Calling 911 may or may not be part of someone’s lawful civic duty, depending on the situation. Although the average person does not bear a legal duty to be a good Samaritan and help, certain medical providers and others may have this duty. If someone failed to call 911 while you were experiencing an emergency, that person may or may not be liable for your subsequent damages. Find out whether you can sue during a free consultation with a West Virginia personal injury lawyer near you.

Is Calling 911 a Legal Obligation?

Duty to Help or Rescue

The average person generally does not bear the duty to help, assist, or rescue someone in need. Although the law encourages bystanders to help whenever possible, it is not a legal duty unless that person has an obligation to the victim. If, for example, the Samaritan is a physician and you were his or her patient, the physician would have a legal obligation to help you. If you do not have any such relationship, however, there is no related duty to call 911 or otherwise render aid.

West Virginia’s Good Samaritan Law protects individuals who render emergency care at the scene of accidents in good faith. The law states that these individuals will not be liable for any civil damages that arise from rendering or failing to render such emergency care. In other words, if an individual fails to call 911 with the good faith belief that it was not necessary to help you, that individual would not be liable for resulting damages. If, however, the same individual negligently did not call 911, he or she may be liable.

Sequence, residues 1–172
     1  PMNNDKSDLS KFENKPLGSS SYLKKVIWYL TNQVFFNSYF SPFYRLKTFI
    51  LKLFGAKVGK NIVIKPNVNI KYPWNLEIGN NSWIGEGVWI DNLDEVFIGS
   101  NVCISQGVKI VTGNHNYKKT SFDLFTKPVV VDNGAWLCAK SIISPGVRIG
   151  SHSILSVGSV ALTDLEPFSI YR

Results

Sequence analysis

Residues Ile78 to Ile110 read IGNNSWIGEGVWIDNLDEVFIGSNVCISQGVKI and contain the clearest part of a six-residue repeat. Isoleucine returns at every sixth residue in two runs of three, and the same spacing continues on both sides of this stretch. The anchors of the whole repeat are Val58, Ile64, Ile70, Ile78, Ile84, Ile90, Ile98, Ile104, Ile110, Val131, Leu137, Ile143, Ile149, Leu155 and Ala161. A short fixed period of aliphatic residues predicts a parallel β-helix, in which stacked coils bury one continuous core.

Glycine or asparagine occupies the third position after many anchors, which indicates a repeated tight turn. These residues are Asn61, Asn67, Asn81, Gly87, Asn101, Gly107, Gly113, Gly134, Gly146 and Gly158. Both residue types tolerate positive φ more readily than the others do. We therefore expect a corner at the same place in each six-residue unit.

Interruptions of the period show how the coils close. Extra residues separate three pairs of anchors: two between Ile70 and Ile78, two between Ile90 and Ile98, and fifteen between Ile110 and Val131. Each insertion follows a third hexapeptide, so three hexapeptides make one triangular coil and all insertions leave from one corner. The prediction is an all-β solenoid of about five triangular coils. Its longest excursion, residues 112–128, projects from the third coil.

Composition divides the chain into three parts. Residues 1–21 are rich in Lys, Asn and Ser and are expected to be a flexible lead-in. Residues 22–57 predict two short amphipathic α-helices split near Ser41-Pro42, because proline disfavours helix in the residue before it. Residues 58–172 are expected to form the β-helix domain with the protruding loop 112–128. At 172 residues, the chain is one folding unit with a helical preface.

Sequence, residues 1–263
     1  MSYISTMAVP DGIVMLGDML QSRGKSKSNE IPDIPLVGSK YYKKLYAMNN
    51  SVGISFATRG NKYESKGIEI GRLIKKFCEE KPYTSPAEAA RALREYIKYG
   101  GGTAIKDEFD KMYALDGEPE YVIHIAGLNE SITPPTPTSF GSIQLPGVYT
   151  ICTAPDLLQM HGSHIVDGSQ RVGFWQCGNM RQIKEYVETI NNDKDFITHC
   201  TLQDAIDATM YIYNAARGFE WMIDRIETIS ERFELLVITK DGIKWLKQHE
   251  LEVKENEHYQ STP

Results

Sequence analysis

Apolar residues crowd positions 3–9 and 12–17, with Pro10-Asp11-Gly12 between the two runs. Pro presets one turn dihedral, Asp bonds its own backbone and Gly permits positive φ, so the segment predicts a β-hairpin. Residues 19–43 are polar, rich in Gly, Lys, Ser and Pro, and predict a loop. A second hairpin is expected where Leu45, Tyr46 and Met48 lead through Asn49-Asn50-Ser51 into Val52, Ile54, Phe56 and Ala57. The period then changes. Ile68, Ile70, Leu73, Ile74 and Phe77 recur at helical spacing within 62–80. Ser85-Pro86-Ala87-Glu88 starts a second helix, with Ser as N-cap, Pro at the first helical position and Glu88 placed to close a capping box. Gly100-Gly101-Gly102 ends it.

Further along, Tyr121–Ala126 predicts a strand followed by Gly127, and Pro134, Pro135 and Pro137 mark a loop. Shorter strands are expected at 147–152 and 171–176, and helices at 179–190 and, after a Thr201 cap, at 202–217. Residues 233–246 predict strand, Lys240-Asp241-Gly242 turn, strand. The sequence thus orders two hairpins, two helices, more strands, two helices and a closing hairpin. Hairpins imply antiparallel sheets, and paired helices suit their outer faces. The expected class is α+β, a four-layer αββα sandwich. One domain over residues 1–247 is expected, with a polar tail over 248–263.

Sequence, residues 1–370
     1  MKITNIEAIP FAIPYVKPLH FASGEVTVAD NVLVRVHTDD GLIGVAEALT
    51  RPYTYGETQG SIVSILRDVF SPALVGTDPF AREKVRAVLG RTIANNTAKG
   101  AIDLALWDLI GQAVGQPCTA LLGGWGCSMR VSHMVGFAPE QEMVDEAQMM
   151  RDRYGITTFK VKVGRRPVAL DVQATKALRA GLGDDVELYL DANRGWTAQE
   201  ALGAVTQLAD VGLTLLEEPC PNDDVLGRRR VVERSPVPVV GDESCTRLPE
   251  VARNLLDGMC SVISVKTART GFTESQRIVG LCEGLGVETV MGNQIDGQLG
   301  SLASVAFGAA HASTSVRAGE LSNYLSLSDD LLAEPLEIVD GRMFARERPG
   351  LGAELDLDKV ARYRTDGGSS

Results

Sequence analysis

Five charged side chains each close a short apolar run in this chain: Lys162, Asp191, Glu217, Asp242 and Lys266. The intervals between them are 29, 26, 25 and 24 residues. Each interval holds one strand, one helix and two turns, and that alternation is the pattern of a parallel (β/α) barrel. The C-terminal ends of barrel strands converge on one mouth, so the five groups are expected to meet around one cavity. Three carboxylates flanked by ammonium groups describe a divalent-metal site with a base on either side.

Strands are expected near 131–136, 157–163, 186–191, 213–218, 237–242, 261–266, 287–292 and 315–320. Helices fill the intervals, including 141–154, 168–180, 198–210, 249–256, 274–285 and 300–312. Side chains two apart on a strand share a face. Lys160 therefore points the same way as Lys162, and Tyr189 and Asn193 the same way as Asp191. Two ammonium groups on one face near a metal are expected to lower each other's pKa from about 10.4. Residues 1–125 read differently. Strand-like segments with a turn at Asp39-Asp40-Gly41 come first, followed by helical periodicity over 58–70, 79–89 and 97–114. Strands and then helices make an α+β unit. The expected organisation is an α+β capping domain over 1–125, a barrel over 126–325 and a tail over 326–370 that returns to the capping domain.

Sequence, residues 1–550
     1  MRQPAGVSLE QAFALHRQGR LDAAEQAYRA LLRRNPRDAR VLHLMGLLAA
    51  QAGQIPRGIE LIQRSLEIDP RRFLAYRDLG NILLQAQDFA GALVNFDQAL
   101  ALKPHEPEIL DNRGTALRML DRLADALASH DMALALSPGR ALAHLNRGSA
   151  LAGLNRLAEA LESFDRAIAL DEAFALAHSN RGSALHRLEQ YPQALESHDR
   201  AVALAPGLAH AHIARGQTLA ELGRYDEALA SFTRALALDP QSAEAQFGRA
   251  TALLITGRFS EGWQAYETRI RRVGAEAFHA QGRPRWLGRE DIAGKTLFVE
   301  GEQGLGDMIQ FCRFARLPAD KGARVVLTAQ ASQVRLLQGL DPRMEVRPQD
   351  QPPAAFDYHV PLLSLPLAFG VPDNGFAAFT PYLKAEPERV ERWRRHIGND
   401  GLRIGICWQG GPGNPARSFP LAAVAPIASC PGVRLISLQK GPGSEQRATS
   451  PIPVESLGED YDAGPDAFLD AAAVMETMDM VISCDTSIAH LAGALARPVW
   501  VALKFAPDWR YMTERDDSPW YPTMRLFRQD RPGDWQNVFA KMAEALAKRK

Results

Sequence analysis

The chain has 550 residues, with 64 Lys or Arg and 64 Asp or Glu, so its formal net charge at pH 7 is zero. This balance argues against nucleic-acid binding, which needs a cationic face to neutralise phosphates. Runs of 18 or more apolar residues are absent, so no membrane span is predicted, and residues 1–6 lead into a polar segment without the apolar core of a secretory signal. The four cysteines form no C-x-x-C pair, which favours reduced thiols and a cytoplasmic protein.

Liability for failing to call 911 depends on the relationship between you and the individual. If the individual is responsible for your injuries, the individual could be liable for failing to call 911. The same is true if the individual started undertaking a rescue, then stopped when it was unreasonable to stop. If you two had a special relationship at the time of the incident, it may create a duty to call 911. Special relationships may include parents and children, teachers and students, and employers and employees.

When Is Failure to Call 911 Negligence?

Failing to call 911 may qualify as negligence if the caller had a duty to render emergency care to you. Even if the caller is not the person who caused your injuries, he or she may share liability for damages if failing to call 911 constituted a breach of duty. Should you file a personal injury claim against someone for failing to call 911, the courts would examine the relationship between you two, any duties of care one may have owed the other, and whether not calling 911 qualified as a breach of duty.

You need the following four elements to file a lawsuit against someone for failing to call 911: duty, breach of duty, causation, and damages. You would need to prove the individual you are filing against owed a duty to call 911, negligently failed to do so, and that this breach caused your damages. You would also need proof that the failure to call 911 worsened your injuries. If the failure did not affect the injuries or recovery time, you may not have a case against the individual for failure to call.

Understanding when someone can and cannot bring a personal injury claim against someone else for failing to call 911 in an emergency can be difficult. Consult an attorney to explore your legal rights in more detail. A lawyer can evaluate your situation, look at the relationship between you and the person who did not make the call, and let you know if your case has merit. If so, your lawyer can take over the claims filing process and fight for fair compensation on your behalf.